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The Saskatchewan government is adding its name to a list of provinces supporting a class-action lawsuit against the opioid industry. Health Minister Jim Reiter, seen here on June 28, 2018, says doing so is appropriate given the cost of opioid addiction on the province's health care system.

John Woods/The Canadian Press

The Saskatchewan government is joining other provinces that are supporting a class-action lawsuit against the opioid industry.

Health Minister Jim Reiter says doing so is appropriate given the cost of opioid addiction to his province’s health-care system.

Reiter is to table the Opioid Damages and Health Care Costs Recovery Act on Tuesday.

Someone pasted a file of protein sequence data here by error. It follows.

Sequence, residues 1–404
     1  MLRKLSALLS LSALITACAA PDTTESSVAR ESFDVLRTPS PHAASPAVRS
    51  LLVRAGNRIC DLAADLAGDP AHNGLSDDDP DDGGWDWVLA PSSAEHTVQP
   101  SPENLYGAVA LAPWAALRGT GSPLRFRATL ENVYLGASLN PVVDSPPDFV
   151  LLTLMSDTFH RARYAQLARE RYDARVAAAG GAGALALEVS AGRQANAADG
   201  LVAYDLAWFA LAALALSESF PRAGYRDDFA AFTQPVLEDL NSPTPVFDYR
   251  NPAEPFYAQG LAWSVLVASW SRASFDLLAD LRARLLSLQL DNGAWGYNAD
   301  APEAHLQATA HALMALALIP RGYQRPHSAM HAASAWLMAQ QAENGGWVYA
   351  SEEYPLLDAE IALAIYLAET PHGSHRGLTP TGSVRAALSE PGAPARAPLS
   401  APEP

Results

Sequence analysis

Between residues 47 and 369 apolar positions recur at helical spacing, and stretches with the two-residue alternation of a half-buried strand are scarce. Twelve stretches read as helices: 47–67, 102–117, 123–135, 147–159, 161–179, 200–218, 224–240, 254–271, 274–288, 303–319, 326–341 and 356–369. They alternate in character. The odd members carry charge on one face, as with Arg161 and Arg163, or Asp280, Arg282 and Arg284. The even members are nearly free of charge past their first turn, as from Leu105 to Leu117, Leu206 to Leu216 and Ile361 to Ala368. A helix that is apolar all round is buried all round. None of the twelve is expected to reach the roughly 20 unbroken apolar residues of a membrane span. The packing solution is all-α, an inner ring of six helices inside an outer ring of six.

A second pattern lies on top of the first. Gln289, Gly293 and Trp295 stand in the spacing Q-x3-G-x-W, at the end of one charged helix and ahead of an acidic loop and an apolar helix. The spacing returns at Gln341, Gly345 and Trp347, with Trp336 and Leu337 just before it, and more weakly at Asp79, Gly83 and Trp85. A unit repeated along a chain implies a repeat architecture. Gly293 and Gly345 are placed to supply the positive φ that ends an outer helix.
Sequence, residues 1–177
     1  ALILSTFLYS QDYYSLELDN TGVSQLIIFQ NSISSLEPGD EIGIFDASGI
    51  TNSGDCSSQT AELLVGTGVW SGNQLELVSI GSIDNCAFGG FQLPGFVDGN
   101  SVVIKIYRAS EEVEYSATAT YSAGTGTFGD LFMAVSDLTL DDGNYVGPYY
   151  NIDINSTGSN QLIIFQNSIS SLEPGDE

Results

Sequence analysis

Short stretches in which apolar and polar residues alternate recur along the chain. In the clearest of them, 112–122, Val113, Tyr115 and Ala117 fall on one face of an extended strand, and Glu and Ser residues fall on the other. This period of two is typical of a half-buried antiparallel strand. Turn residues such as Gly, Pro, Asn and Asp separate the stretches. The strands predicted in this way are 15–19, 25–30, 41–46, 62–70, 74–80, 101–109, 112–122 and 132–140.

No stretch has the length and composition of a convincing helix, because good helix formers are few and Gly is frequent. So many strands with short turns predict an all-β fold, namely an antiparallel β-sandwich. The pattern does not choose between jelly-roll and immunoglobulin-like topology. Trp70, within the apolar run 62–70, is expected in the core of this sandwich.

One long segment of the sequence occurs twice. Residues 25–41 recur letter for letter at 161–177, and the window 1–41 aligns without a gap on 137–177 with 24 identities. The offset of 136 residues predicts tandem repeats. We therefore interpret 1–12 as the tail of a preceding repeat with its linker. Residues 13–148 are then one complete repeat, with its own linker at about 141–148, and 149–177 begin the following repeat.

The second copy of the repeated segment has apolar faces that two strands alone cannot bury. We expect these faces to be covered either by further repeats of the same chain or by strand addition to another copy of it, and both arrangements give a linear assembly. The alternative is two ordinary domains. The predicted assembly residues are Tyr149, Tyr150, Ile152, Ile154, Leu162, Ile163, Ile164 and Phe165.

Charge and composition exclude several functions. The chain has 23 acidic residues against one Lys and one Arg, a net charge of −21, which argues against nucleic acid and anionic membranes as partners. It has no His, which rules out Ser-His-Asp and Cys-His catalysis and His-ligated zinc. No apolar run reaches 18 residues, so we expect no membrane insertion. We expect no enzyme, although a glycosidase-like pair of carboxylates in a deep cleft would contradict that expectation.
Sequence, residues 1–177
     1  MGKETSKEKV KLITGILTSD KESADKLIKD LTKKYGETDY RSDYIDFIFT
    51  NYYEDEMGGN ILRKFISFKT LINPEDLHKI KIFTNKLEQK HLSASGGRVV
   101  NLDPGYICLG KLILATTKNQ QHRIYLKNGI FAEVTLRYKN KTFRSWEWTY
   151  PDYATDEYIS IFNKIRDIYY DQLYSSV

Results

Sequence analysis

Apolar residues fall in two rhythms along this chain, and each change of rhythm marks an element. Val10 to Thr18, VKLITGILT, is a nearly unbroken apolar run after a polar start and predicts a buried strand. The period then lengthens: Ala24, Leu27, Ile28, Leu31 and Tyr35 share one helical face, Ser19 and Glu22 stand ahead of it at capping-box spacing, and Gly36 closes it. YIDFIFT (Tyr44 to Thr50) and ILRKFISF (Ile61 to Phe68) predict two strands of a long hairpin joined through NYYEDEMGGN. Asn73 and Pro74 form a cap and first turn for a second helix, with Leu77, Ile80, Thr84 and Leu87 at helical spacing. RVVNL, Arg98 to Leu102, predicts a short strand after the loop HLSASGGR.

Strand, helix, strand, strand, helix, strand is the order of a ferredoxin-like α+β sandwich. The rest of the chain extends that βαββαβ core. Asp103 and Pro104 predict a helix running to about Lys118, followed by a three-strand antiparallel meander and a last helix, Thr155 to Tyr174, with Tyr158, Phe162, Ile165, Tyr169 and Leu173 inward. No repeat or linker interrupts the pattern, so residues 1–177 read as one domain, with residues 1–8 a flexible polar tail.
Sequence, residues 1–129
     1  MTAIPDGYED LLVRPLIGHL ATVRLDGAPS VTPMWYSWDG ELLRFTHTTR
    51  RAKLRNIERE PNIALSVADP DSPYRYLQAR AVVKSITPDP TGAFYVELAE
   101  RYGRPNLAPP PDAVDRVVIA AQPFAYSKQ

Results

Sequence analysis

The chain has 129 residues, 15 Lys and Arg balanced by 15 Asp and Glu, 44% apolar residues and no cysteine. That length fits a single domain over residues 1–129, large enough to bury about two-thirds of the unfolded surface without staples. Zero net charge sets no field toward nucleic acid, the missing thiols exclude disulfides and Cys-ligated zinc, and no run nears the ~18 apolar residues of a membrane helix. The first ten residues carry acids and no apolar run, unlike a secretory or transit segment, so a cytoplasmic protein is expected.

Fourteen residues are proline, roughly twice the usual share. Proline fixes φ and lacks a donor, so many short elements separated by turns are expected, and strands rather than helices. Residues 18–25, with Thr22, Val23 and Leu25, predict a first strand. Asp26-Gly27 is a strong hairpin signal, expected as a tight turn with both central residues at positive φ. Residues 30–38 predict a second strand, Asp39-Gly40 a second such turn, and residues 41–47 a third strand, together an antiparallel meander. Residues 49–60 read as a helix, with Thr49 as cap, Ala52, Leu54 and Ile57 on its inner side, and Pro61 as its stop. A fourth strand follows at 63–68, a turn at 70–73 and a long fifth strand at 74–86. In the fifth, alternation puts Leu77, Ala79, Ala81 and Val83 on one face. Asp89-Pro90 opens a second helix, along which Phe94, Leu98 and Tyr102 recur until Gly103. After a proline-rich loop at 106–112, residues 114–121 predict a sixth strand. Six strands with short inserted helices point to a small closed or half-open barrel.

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Similar legislation was recently introduced in the Alberta legislature to allow the province to recoup health costs on an aggregate basis and regardless of when damages occurred.

British Columbia, which also has opioid cost recovery legislation, filed the proposed class-action lawsuit last year.

It alleges drug manufacturers falsely marketed opioids as less addictive than other pain drugs, which helped to trigger a crisis that has killed thousands.

“Everybody that’s read the news in the last months or years anywhere in the country has seen the toll that opioids have taken,” Reiter said Monday.

“When, as health minister, I look at the cost to the health system that we all pay for that opioids have caused … it’s only appropriate that we’re part of that.”

The lawsuit seeks costs from manufacturers and distributors dating back to 1996, when the pain drug OxyContin was introduced in the Canadian market.

Newfoundland and Labrador, Ontario and Alberta have already announced their support for the lawsuit.

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